Police have withdrawn their demand that organizers of Friday’s Gay Pride Parade in Kfar Sava put up a 2-meter-high fence along the entire route of the march.
Originally, police had said they wouldn’t grant a permit for the parade without such a fence in place. But in a submission to the High Court of Justice on Tuesday, the state said this requirement had been withdrawn.
The brief said that Maj. Gen. Ami Eshed, commander of the police’s Central District, had decided the demand was out of place and overruled it. He also overruled another police demand – that organizers station trucks at key intersections to hide the marchers and block access to them.
The original demands, reported by Haaretz last week, were made by the commander of the Kfar Sava police station, Chief Superintendent Yoram Barina. He also insisted that organizers pay for all the security measures he called for.
Barina said these measures were necessary due to the sensitivity of the event – this is the first time the parade will take place in Kfar Sava – and to avoid a repeat of what happened at Jerusalem’s Pride Parade in 2015, when an ultra-Orthodox man stabbed Shira Banki, 16, to death while she was marching.
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But the organizers said these demands were completely illegal, and three organizations petitioned the High Court against them – the Kfar Sava chapter of Israeli Gay Youth, The Aguda – Israel’s LGBT Task Force and the Association for Civil Rights in Israel.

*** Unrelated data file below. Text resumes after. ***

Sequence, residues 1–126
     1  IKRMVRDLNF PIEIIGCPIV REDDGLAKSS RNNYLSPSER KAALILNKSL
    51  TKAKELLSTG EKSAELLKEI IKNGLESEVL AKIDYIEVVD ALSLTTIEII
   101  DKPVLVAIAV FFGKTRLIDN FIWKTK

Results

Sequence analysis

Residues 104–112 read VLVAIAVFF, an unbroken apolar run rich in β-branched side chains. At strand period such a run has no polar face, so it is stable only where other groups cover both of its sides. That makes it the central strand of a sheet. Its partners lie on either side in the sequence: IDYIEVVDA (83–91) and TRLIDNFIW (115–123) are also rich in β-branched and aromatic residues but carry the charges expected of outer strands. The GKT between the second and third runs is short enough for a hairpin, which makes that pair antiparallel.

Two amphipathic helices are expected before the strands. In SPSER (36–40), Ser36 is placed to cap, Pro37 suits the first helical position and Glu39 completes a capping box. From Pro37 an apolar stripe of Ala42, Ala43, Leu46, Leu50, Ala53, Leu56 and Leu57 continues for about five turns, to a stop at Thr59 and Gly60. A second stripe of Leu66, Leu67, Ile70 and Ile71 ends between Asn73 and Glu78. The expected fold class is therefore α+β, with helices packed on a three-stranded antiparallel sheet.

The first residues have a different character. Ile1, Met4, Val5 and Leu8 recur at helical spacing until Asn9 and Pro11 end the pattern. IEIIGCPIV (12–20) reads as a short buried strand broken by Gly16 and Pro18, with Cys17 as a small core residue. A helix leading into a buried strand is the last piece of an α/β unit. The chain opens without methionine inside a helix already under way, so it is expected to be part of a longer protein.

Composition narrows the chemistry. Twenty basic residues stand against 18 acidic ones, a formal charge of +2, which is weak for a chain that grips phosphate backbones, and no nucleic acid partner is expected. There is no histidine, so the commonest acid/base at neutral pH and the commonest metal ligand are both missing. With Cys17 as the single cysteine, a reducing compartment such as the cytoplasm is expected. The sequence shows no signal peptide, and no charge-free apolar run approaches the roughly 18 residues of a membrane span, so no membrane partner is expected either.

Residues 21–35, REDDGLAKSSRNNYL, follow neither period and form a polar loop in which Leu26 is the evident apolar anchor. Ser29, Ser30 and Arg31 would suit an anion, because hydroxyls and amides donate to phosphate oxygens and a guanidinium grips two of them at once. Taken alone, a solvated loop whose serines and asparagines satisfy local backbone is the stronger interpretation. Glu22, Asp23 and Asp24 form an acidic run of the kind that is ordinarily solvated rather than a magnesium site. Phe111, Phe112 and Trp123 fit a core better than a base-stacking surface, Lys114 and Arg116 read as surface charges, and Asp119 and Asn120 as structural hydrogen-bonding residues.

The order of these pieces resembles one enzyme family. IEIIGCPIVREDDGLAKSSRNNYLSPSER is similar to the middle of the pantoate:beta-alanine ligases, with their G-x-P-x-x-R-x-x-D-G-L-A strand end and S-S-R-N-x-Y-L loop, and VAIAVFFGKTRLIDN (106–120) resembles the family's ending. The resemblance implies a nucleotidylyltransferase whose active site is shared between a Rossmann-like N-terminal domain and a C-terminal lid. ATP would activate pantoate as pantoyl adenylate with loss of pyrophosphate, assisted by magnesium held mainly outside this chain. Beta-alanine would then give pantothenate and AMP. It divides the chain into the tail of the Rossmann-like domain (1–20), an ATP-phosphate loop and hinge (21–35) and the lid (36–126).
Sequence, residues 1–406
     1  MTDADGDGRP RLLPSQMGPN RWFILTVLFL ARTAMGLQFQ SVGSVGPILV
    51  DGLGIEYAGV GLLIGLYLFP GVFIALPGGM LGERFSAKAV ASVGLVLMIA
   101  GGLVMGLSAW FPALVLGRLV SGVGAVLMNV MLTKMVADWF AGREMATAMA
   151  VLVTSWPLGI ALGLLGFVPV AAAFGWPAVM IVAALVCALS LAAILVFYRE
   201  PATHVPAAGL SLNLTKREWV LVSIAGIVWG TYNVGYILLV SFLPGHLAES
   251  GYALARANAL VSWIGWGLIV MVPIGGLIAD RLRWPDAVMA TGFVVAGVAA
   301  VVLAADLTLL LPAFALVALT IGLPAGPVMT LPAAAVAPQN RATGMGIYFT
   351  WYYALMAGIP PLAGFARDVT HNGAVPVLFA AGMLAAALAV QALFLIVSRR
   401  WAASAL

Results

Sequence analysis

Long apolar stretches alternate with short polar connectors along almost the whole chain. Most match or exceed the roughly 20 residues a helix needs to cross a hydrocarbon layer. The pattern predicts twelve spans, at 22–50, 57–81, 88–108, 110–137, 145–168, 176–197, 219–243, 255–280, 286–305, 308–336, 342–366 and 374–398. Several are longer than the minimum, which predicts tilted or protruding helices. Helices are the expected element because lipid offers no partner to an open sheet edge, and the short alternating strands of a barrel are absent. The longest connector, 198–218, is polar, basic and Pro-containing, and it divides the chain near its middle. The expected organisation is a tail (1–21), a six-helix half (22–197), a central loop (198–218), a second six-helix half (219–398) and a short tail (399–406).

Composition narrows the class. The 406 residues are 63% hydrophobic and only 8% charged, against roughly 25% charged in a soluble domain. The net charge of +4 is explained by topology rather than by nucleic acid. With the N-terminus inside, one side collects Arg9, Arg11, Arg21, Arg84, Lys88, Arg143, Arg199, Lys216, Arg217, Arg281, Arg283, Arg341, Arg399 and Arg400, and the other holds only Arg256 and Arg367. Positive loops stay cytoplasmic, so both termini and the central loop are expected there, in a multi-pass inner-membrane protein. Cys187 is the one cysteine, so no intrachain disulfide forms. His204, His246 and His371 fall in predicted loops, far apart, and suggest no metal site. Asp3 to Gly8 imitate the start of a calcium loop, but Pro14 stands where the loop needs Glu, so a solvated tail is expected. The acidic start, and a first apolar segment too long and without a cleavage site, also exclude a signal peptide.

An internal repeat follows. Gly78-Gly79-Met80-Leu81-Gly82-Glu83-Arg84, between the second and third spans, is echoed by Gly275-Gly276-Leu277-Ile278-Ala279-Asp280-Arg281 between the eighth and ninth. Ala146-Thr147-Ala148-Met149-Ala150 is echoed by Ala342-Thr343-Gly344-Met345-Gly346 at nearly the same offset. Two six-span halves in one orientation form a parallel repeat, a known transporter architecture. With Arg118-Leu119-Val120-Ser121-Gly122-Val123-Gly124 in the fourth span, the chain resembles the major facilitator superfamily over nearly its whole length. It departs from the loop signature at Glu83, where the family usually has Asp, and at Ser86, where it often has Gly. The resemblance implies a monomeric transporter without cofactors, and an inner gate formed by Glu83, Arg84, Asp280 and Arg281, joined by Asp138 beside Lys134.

“These are illegal conditions,” said the petition, filed by lawyer Sapir Sluzker-Amran of ACRI. “The enormous financial and bureaucratic burden that police are imposing on the demonstration’s organizers – teenage girls and boys from the LGBT community – undermines freedom of expression and protest, puts a ‘price tag’ on expression and protest that deviate from the consensus, and plays into the hands of hostile, violent parties who threaten the lives and bodily integrity of parade participants.
“Police have an obligation to ensure that the right to demonstrate is implemented and bear all the costs entailed by security arrangements,” the petition added. “The gay community has the right to raise its voice proudly. ... While the demand for payment constitutes a ‘punishment,’ it is also a kind of prize for violence and thuggishness aimed at gagging opinions, and in addition it puts the key to exercising the right to demonstrate and march into the hands of those who oppose it.”